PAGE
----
Address by the Regional Director on World Health Day 2019 – ‘Universal health coverage: everyone, everywhere’

5 April 2019, New Delhi, India

H.E Dr Harsh Vardhan, Minister of Science, Technology, Environment, Forest & Climate Change; Dr Vinod Paul, Member, Niti Ayog, Government of India; Ms Preeti Sudan, Secretary, Ministry of Health & Family Welfare; Dr Geeta Sen; Hon’ble Ambassadors, partners, civil society representatives, WHO colleagues from both the Regional and Country Office, ladies and gentlemen,

I wish you a very warm welcome.

It is a joy to see such a diverse community celebrate our joint commitment to improve people’s health on this, the World Health Organization’s birthday.

WHO’s founding Constitution was bold.

It defined health as “a state of complete physical, mental and social well-being”.

This assertion is reinforced today by the 2030 Agenda for Sustainable Development and the goal “to ensure healthy lives and promote well-being for all at all ages”.

Distinguished guests,

Today we focus on ‘Universal health coverage: everyone, everywhere’, and the critical role primary health care has in achieving it.

As previous speakers have emphasized, UHC’s promise is clear: for all people everywhere to get the health care they need, when and where they need it, without financial hardship.

It is about raising the bar for everyone and leaving no one behind.

UHC has been one of the WHO South-East Asia Region’s Flagship Priorities since 2014.

And there has been progress.

More people have access to essential health services.

The availability of health workers has improved Region-wide.

There is growing collaboration between countries to improve the availability of quality medicines – the South-East Asia Regulatory Network is one example.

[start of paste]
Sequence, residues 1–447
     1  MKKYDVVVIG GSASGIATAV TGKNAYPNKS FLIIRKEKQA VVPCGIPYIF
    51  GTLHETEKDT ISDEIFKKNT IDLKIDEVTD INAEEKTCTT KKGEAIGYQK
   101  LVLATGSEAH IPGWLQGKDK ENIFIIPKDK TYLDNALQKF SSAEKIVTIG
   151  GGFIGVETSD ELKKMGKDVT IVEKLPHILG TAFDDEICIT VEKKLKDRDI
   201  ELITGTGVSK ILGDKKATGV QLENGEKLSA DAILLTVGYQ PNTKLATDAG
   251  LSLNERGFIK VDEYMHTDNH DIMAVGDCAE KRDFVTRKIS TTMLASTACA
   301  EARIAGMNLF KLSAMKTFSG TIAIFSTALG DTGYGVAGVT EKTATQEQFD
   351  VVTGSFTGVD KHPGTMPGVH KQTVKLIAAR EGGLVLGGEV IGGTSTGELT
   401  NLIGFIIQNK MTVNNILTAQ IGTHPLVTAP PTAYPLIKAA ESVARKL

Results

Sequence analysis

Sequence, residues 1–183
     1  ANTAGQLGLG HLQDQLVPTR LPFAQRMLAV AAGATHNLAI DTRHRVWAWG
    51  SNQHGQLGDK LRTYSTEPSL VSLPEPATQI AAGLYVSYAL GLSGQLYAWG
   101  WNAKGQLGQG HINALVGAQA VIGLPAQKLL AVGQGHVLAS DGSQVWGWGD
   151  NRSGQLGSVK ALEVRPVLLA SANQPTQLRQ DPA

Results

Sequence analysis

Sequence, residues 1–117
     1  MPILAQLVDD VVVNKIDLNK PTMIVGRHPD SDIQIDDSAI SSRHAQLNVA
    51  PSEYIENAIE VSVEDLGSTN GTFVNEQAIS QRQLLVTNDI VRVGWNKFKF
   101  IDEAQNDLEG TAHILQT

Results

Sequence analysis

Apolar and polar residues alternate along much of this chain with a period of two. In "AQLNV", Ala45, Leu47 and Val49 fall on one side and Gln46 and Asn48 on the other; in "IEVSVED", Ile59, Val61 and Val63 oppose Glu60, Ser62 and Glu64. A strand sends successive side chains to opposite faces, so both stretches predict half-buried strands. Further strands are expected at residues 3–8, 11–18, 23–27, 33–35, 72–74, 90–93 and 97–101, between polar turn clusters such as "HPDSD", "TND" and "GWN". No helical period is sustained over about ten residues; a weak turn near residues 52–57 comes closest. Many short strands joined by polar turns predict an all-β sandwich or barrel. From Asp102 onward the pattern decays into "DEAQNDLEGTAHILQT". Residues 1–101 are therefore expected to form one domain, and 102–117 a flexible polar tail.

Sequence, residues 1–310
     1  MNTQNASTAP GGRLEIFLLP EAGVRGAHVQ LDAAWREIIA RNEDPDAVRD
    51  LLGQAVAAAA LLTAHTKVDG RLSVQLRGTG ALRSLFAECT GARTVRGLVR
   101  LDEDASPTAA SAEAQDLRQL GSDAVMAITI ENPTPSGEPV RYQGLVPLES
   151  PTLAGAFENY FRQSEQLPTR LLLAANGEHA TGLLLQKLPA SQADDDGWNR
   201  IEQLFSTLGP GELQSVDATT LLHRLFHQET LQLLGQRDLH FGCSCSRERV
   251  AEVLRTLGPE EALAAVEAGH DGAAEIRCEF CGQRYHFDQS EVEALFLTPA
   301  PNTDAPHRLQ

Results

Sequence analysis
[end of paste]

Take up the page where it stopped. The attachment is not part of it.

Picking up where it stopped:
But despite our achievements, major inequities remain.

Across our Region, some 800 million people still do not have full coverage of essential health services. At least 65 million are pushed into poverty because of health spending.

Progress must accelerate if we are to reach WHO’s commitment to have 1 billion more people benefit from health coverage by 2024.

This is where primary health care comes in.

Quality, accessible primary health care is the foundation for advancing UHC. Six months ago, the Astana Declaration on Primary Health Care recognized this.

In six months’ time, at the High-Level Meeting on UHC at the UN General Assembly in September, primary care will be a core part of the discussion.

The political momentum to accelerate towards UHC is indeed high. There are ways ahead and many opportunities to hasten progress.

First, frontline services must adapt to changing needs, including by providing life-long care for people with noncommunicable diseases and the health conditions that come with ageing populations. To do that, new service-delivery models are needed, as are appropriately skilled primary health workers.

This is happening in an increasing number of countries. Importantly, we must ensure that enhanced quality goes hand in hand with increased access: Improving access to poor quality services is by any standard wasteful.

Second, frontline and hospital services should be addressed together, to increase the use of primary care and decrease overcrowding in hospitals.

Third, new approaches must be found to engage private practitioners and harness this sector’s extensive assets.

Fourth, fresh approaches to community engagement are needed. The rapid increase in access to information via digital technologies means individuals and communities are increasingly well-informed on health issues. These technologies can be leveraged to empower people to look after their own health.

And fifth, measuring results and enhancing accountability must be a priority. This may involve making information on health care entitlements and health systems’ performance more public. It may also mean creating institutions to handle ‘remedy and redress’ that are open to all, including those that are prone to being left behind.

We all have a role to play, whether you are a policymaker, facility manager, academic, parliamentarian, NGO or development agency worker.

Indeed, we all have a role in protecting and improving health within our families and communities.

As we celebrate today, we should find strength in the knowledge that we are part of a global movement united by a commitment to respect, protect and fulfill the right to health, and that recognizes UHC as the most powerful means to do that.

With that strength we must all continue to work towards UHC, in whatever capacity we can, until we achieve our goal and ensure all people everywhere can access the health care they need, when and where they need it, without financial hardship.

I wish you an inspiring World Health Day.

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